I gave this example on reddit. Say you have a $1000 loan balance and your threshold is $800. Under normal credit line limits say you have your balance in XRP and you normally have assets valued at around $4000. If you do not have stablecoins in your account and the price goes as it did - from $0.36 to $0.105 - at least if your reinvested 100% of your loan back into collateral you would most likely not get completely wiped out by the oracle - assuming you have a v-shaped price recovery on the minute. If it was sustained, the odds of you getting cleared out beforehand are pretty high.

At the very least, if you took into account the value of your tokens at your own personal worst case scenario pricing and then made up the difference between that total and the liquidation threshold LTV amount you would be buying yourself a little bit of insurance during flash crashes. This would have the same effect to paying down the loan on that account, but with the advantages being that you could release that capital as the values went higher - but those coins are all locked down until the market recovers. You could also pay down the loan if you felt that made more sense, since the interest you are paying on the amount is far higher than what you gain through having the stablecoins on deposit - it really depends on how protracted the price crash is expected to be. These are all up to you.

But my point here is that ethereum is too prone to congestion to provide efficient and reliable DeFi services.

I'd like to see a stablecoin issued on the XRPL if for no other reason than speed and reliability. It will serve a significant purpose in the future in terms of providing rapid collateral protection applications as digital lending and finance takes off. Combined with enterprise-grade secure custody (Polysign, I'm looking in your direction) this is going to be a knockout win for DeFi.

Until the congestion issues of decentralized finance of digital assets are resolved in times of crisis, the public is right to be very skeptical of the safety and forthrightness of DeFi. If XRPL is pushed to the limits and a proper DeFi platform is developed that can successfully leverage the speed and clarity of XRP it will likely earn people's trust and become a massive use case for the token.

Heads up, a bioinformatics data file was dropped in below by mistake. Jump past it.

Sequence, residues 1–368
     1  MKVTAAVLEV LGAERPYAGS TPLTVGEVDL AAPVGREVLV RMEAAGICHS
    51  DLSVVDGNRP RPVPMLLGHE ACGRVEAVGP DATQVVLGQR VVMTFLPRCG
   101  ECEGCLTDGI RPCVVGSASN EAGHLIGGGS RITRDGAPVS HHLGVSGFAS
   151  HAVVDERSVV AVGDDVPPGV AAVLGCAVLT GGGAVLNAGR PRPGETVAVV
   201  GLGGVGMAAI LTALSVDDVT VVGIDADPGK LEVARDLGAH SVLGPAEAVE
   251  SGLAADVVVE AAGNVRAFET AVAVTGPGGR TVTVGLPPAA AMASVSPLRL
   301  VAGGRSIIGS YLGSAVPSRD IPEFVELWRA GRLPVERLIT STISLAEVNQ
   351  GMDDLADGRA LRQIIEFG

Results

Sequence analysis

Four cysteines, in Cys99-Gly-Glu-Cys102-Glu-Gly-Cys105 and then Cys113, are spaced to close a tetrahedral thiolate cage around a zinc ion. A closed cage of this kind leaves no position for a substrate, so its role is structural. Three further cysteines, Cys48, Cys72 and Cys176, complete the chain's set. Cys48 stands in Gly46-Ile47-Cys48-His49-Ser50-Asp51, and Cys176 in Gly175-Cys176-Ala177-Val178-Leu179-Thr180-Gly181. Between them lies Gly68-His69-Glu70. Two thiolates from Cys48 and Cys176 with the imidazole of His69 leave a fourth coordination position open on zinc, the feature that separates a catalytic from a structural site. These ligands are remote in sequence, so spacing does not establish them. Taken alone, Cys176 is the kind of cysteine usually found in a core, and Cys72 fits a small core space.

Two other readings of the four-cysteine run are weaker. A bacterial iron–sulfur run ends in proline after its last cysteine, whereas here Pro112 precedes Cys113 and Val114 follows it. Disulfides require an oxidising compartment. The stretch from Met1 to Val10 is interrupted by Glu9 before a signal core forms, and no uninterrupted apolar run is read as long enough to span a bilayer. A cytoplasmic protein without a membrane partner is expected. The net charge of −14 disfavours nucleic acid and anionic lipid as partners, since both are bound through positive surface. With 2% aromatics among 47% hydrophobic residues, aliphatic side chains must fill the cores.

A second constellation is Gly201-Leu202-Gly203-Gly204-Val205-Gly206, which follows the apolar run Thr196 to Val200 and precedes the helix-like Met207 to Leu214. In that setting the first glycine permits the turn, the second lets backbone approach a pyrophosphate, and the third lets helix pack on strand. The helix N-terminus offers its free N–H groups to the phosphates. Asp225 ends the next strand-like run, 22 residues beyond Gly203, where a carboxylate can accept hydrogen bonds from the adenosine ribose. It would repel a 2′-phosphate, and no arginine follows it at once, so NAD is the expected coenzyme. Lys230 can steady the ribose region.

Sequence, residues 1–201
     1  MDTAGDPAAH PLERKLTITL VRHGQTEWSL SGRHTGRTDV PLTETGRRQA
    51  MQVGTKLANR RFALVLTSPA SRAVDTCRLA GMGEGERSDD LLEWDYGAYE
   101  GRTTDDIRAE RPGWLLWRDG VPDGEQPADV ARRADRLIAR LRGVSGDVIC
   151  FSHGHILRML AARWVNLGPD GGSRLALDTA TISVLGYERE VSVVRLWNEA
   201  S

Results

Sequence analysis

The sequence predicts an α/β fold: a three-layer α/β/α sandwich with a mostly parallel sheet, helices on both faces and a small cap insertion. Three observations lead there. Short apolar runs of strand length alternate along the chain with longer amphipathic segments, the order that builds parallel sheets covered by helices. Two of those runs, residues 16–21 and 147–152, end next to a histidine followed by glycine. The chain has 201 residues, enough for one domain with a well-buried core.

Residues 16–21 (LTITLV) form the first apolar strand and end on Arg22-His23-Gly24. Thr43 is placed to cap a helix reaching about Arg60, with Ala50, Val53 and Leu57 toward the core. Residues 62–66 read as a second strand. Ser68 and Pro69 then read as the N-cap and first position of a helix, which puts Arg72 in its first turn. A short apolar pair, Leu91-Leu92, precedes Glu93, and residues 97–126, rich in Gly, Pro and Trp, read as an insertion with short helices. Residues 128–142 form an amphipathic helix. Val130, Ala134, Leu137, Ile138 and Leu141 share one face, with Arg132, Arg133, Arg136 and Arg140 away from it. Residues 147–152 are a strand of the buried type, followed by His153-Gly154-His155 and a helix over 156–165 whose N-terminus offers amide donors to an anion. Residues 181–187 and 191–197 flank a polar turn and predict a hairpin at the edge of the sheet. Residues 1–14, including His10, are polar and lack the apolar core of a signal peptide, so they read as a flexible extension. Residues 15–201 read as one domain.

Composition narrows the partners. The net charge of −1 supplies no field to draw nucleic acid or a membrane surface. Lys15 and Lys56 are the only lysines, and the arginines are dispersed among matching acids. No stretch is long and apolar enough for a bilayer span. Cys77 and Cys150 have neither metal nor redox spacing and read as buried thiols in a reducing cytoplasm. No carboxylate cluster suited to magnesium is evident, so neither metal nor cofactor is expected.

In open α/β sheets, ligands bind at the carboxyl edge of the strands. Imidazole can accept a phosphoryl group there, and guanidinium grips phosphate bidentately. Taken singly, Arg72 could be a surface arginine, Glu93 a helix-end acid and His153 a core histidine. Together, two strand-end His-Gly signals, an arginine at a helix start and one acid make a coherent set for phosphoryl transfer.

The funny thing is that many people are stating that Nexo is a scam because they were not given the amount of float they normally expect from financial outfits that have more risk tolerance and are willing to put savers at risk in order to cater to leveraged (and sometimes far overleveraged) traders. It is hard for many to swallow the bad financial habits the world has grown accustomed to. If the fixed-income classes were not so old and ignored there would be a serious revolt. They are the ones being given the shaft by all of this clown world finance.

I don't know if crypto is immune - I don't believe it is. I've been shouted down by many young traders who insisted bitcoin was isolated and different, we could not use convention market movements to understand bitcoin - it was a 'new market' and old the old rules don't apply.

Down with banks (flip sign) welcome institutional money.

Independent markets (flips sign) where's our ETF and derivatives.

There is a lot of borrowed money feeding the cryptocurrency markets now. That is only going to get crazier and crazier as hyperinflation hits and people understand that some finite asset networks have irreplaceable value added services attached. It is easier to fork bitcoin than it is to duplicate the ripplenet partner network. It remains to be seen how loyal bitcoin users will be to the bitcoin payment network as DeFi rolls out - I think this could realy push PoW to its breaking point and open up the space to faster assets with less congestion risks during times of high transaction volume.

I've said it in other places, don't sell too early - the value of your millions may expire quicker than you expect - while assets, particularly deflationary assets, are where the real value will last longer.

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2 hours ago, rippledigital said:

To avoid securities laws?! 

I didn't get the sense that was it. The guy was very transparent with me, and I was asking questions about their financial engineering and business model. That usually involves corporate strategies to gain a competitive advantage, that only the executive level knows.

Cant find the guy's number after my move/divorce all my stuff is "somewhere", or maybe trashed. Will sesrch my email and see if there is anything there.

They were PayPal guys, trying to facilitate market making for gaming digital goods. That was the real world use case, not Lending alone.

Maybe they are making markets between LBA and the gaming assets, like XRP as a bridge currency, but with Cred is the marketmaker? Idk.